The theme song played during the opening, "Love Is All Around", was written and performed by Sonny Curtis. The lyrics changed between the first and second seasons, in part to reflect Mary Richards having become settled in her new home. The later lyrics, which accompanied many more episodes at a time when the show's popularity was at a peak, are more widely known, and most covers of the song use these words.

No supporting cast members are credited during the show's opening (though from the second season on, shots of them appear). The ending sequences show snippets of the cast and guest stars from the show with the respective actors' names. Other on-location scenes are also shown during the closing credits, including a rear shot of Mary holding hands with her date, played by Moore's then husband, Grant Tinker, and Moore and Valerie Harper feeding ducks on the bank of a pond in a Minneapolis park (this shot remained in the credits, even after Harper left the show). The ending sequence music is an instrumental version of "Love is All Around". The ending finishes with a cat meowing within the MTM company logo.

Response and impact[edit]

Impact on television[edit]

In 2007, Time magazine put The Mary Tyler Moore Show on its list of "17 Shows That Changed TV". Time stated that the series "liberated TV for adults—of both sexes" by being "a sophisticated show about grownups among other grownups, having grownup conversations".[14] The Associated Press said that the show "took 20 years of pointless, insipid situation comedy and spun it on its heels. [It did this by] pioneer[ing] reality comedy and the establishment of clearly defined and motivated secondary characters."[15]

Tina Fey, creator and lead actress of the 2006-debut sitcom 30 Rock, explained that Moore's show helped inspire 30 Rock's emphasis on office relationships. "Our goal is to try to be like The Mary Tyler Moore Show, where it's not about doing the news," said Fey.[16] Entertainment Weekly also noted that the main characters of 30 Rock mirror those of The Mary Tyler Moore Show.[17]

When the writers of the sitcom Friends were about to create their series finale, they watched several other sitcom finales.[18] Co-creator Marta Kauffman said that the last episode of The Mary Tyler Moore Show was the "gold standard" and that it influenced the finale of Friends.[19]

Spin-offs, specials and reunions[edit]

The show spun off three television series, all of which aired on CBS: the sitcoms Rhoda (1974–78) and Phyllis (1975–77), and the one-hour drama Lou Grant (1977–82). In 2000, Moore and Harper reprised their roles in a two-hour ABC TV-movie, Mary and Rhoda.

Two retrospective specials were produced by CBS: Mary Tyler Moore: The 20th Anniversary Show (1991) and The Mary Tyler Moore Reunion (2002). On May 19, 2008, the surviving cast members of The Mary Tyler Moore Show reunited on The Oprah Winfrey Show to reminisce about the series. Winfrey, a longtime admirer of Moore and the show, had her staff recreate the sets of the WJM-TV newsroom and Mary's apartment (seasons 1–5) for the reunion.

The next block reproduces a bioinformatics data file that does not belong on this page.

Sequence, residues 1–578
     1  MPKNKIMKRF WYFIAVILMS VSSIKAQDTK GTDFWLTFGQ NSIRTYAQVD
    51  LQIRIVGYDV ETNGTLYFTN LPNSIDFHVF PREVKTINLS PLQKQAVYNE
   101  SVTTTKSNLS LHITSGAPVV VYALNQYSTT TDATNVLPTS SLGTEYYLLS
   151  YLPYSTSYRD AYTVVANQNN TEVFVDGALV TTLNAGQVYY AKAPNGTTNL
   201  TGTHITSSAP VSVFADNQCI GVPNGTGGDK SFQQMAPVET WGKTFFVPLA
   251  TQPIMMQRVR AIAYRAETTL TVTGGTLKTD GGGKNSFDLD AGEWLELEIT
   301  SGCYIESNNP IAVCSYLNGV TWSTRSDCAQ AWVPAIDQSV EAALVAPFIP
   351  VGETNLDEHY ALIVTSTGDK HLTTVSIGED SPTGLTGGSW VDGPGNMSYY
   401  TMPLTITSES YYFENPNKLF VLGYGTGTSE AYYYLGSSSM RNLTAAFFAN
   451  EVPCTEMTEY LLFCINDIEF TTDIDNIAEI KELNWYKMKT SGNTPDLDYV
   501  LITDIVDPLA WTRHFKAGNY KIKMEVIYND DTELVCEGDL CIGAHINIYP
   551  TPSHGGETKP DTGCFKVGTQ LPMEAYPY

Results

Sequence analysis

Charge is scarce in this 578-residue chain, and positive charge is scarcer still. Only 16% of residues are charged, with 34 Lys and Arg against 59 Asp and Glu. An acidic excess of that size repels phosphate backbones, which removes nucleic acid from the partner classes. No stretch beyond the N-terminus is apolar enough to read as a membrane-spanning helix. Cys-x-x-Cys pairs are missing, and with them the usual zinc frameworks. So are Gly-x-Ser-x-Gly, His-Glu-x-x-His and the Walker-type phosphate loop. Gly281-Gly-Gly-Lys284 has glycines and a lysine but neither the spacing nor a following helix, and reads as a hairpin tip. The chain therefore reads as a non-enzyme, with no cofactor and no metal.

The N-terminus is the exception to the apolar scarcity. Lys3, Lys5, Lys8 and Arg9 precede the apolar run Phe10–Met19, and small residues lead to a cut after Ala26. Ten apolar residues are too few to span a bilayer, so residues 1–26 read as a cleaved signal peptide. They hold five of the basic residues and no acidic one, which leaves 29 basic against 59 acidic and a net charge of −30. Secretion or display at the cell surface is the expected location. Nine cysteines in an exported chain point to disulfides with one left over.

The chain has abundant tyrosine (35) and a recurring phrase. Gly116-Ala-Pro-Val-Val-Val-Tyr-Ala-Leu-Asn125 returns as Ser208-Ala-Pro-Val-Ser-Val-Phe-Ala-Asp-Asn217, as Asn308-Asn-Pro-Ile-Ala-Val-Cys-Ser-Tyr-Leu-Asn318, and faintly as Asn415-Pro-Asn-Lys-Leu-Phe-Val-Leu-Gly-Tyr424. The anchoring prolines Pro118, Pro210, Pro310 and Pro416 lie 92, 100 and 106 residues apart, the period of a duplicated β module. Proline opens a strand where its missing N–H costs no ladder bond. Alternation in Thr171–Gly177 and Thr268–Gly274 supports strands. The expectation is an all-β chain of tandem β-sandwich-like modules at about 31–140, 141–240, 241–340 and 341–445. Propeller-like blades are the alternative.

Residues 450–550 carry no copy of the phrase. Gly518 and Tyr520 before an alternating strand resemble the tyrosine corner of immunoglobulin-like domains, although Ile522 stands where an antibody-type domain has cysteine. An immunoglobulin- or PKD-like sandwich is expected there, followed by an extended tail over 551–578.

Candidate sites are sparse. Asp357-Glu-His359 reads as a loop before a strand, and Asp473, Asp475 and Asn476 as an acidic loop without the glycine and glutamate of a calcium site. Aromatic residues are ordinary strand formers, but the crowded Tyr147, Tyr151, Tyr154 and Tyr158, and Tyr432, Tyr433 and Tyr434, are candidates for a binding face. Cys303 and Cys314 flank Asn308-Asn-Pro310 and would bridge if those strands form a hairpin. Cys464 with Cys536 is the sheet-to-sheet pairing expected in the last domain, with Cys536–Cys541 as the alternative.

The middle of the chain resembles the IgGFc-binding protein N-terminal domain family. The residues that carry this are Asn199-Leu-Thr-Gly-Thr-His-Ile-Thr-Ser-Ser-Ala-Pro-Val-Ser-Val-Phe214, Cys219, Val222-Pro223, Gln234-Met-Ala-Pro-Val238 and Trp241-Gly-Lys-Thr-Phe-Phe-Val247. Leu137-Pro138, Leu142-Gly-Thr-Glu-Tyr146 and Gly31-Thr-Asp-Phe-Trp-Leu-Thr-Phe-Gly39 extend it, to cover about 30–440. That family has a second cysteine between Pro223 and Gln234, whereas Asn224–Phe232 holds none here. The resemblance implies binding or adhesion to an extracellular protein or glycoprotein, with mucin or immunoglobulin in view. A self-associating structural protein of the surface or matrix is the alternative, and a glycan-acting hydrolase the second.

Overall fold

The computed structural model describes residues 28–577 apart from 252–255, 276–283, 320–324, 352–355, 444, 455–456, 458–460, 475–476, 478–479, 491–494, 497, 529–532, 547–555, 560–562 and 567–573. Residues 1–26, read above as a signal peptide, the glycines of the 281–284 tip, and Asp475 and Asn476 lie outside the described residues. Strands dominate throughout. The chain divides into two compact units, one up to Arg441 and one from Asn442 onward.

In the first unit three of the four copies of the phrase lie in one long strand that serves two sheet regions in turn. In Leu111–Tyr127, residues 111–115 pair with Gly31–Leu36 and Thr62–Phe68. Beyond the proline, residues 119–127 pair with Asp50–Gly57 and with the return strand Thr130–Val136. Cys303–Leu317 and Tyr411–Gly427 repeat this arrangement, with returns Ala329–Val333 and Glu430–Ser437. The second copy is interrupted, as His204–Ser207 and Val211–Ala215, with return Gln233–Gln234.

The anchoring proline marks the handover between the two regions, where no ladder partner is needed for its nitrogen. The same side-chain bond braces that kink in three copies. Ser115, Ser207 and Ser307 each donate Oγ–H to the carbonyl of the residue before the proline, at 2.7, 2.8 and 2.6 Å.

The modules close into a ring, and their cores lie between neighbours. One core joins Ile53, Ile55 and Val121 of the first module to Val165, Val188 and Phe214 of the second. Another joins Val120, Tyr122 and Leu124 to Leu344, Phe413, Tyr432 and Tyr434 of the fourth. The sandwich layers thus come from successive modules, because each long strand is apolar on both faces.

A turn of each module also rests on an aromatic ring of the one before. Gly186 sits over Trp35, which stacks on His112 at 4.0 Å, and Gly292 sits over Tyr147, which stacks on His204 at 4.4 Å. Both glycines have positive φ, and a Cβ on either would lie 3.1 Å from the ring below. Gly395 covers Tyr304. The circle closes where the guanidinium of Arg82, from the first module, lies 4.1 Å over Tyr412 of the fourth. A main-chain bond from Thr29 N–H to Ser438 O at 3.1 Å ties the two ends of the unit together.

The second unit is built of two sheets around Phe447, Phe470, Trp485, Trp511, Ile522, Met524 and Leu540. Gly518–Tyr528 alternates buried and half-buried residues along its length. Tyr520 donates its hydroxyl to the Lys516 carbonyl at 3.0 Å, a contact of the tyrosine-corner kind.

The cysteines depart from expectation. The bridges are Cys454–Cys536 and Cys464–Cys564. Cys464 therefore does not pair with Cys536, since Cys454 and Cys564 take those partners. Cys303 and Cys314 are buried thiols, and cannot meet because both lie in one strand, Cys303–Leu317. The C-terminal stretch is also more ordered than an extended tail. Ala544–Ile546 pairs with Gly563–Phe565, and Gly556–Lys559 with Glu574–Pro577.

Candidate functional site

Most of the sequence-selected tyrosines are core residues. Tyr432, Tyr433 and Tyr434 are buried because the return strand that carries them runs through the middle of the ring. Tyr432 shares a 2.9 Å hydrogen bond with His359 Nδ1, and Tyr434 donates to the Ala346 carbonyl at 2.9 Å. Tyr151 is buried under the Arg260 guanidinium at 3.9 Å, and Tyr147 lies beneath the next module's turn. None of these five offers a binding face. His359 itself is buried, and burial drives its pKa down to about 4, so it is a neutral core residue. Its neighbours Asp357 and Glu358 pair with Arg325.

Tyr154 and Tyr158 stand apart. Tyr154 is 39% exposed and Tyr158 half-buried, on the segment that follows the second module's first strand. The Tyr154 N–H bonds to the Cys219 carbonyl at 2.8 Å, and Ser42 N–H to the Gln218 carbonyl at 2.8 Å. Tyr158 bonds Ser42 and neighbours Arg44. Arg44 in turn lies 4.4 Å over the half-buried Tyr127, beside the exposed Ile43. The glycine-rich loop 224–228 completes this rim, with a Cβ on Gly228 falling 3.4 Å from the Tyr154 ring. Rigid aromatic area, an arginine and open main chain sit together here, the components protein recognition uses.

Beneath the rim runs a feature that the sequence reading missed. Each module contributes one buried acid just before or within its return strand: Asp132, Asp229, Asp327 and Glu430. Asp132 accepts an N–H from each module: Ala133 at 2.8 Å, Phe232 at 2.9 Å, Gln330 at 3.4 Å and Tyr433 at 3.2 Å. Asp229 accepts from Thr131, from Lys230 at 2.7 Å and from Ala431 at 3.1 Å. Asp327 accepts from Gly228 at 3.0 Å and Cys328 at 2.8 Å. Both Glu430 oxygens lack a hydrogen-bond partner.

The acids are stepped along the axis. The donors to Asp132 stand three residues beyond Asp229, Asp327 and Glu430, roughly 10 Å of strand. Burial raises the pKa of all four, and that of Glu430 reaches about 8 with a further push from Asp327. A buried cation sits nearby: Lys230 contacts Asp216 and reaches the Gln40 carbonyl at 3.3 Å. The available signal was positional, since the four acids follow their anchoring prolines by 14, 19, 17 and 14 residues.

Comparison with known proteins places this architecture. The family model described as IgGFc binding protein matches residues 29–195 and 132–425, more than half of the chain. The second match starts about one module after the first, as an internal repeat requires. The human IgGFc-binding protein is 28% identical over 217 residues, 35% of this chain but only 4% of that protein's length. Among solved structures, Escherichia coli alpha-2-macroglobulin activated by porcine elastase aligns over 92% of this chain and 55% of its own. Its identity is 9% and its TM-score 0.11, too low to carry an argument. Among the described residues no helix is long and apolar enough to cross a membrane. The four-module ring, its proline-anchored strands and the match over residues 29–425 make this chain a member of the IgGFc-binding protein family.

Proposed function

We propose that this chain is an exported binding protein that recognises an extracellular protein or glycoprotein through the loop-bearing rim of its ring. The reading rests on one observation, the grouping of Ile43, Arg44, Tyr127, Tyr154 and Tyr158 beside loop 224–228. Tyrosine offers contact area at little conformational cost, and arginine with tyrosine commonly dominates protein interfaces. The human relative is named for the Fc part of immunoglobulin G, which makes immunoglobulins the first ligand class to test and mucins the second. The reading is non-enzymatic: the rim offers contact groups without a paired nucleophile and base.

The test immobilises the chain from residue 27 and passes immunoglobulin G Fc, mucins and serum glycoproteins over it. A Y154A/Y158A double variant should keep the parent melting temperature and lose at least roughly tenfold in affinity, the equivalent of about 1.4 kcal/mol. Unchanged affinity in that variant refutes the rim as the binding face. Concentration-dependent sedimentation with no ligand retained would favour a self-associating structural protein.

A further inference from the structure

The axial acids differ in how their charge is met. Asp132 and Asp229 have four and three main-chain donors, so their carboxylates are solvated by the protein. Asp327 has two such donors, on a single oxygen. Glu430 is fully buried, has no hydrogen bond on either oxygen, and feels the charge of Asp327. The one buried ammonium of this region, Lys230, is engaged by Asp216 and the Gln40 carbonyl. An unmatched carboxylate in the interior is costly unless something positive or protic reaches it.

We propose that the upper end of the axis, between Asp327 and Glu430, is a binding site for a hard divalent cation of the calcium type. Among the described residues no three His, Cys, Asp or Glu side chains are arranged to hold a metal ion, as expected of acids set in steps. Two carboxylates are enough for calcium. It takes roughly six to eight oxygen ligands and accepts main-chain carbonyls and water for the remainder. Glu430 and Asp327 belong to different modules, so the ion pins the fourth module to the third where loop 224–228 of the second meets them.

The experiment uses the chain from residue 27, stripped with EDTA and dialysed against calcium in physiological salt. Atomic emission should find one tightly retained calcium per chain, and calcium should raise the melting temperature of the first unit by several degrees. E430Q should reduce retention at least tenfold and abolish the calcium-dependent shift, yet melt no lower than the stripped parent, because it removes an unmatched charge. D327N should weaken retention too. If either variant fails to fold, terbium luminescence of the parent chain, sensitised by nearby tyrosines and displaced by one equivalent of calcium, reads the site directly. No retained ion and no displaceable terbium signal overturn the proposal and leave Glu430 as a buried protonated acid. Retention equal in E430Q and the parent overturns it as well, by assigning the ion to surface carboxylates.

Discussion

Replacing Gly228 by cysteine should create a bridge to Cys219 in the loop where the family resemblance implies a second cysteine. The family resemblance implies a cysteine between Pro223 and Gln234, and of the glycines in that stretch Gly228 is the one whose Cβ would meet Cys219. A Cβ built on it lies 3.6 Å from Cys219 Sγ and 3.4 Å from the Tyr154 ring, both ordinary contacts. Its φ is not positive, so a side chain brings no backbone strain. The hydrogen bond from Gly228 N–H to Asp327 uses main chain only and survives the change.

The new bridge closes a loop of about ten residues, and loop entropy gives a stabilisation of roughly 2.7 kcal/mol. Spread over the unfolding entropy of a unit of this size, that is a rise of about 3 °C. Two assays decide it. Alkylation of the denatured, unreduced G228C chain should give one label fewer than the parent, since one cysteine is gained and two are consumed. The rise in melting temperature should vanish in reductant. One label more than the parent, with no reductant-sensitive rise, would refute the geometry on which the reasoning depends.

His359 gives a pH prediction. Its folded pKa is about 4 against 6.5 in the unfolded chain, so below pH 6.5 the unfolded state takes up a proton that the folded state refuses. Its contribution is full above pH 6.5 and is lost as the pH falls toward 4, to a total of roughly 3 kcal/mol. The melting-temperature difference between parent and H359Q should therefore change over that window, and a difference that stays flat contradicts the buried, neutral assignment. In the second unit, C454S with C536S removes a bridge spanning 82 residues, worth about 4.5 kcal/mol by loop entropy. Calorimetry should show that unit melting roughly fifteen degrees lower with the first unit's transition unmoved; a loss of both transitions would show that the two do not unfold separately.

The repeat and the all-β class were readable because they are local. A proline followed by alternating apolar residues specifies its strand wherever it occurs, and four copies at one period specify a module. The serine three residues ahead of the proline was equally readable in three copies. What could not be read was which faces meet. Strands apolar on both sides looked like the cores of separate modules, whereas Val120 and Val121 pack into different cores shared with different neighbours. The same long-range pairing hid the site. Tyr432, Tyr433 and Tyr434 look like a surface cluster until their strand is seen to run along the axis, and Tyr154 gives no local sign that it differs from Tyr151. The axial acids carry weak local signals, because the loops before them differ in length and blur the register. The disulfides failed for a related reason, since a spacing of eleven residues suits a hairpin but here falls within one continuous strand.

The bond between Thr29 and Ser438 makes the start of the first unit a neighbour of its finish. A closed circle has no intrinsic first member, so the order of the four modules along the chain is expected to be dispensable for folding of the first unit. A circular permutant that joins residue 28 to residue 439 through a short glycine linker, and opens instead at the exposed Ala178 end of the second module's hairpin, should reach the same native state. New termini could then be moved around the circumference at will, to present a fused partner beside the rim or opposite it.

In 2013, the women of The Mary Tyler Moore Show, Cloris Leachman, Valerie Harper, Mary Tyler Moore, Betty White, and Georgia Engel, reunited on the TV Land sitcom Hot In Cleveland, which aired on September 4. The cast was interviewed by Katie Couric on Katie as they celebrated acting together for the first time in more than 30 years.

In popular culture[edit]

The show has remained popular since the final episode was broadcast in 1977. Several songs, films and other television programs, including The Simpsons, reference or parody characters and events from the show, including the memorable "...can turn the world on with her smile" line from the title song. Parodies were done on shows such as Saturday Night Live, MadTV, and Mystery Science Theater 3000 (which was produced in Minneapolis). Barbara Kessler and Relient K are two artists who have referred to the show in their songs. The show has been mentioned in film as well. In the film Anchorman: The Legend of Ron Burgundy, the name of Burgundy's dog, Baxter, refers to the character Ted Baxter, and the head of the newsroom staff is named Ed, honouring Ed Asner.[20] In Romy & Michele's High School Reunion, the characters argue with each other while exclaiming "I'm the Mary and you're the Rhoda." Frank DeCaro of The New York Times wrote that this was the highlight of the film.[21]

The show's Emmy-winning final episode has been alluded to many times in other series' closing episodes, such as the finale of St. Elsewhere (including the group shuffle to the tissue box), Mystery Science Theater 3000 and Just Shoot Me!.

Broadcast history[edit]

United States[edit]

The program was the lead-in for The Bob Newhart Show, for most of its broadcasting run, which was also produced by MTM Enterprises.[22][23]

Season Time slot (ET) Nielsen ratings[24]
Rank Rating
1970–71 Saturday at 9:30-10:00 PM 22 20.3
1971–72 Saturday at 9:30-10:00 PM (Episodes 1-13)
Saturday at 8:30-9:00 PM (Episodes 14-24)
10 23.7 (Tied with Here's Lucy)
1972–73 Saturday at 9:00-9:30 PM 7 23.6 (Tied with Gunsmoke)
1973–74 9 23.1 (Tied with Cannon)
1974–75 11 24.0
1975–76 19 21.9
1976–77 Saturday at 9:00-9:30 PM (Episodes 1-6)
Saturday at 8:00-8:30 PM (Episodes 7-24)